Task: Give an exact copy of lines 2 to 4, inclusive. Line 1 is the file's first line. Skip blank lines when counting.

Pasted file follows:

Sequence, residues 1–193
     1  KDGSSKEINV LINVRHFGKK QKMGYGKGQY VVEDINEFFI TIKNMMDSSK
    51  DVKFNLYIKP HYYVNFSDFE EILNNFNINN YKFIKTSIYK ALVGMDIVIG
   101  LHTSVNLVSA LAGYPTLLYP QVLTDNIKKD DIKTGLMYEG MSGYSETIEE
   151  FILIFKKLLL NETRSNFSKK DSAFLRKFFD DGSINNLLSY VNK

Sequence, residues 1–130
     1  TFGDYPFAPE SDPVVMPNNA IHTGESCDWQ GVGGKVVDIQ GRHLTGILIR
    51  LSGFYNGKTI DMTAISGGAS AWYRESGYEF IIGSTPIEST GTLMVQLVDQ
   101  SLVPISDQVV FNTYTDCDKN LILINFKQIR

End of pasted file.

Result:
     1  KDGSSKEINV LINVRHFGKK QKMGYGKGQY VVEDINEFFI TIKNMMDSSK
    51  DVKFNLYIKP HYYVNFSDFE EILNNFNINN YKFIKTSIYK ALVGMDIVIG
   101  LHTSVNLVSA LAGYPTLLYP QVLTDNIKKD DIKTGLMYEG MSGYSETIEE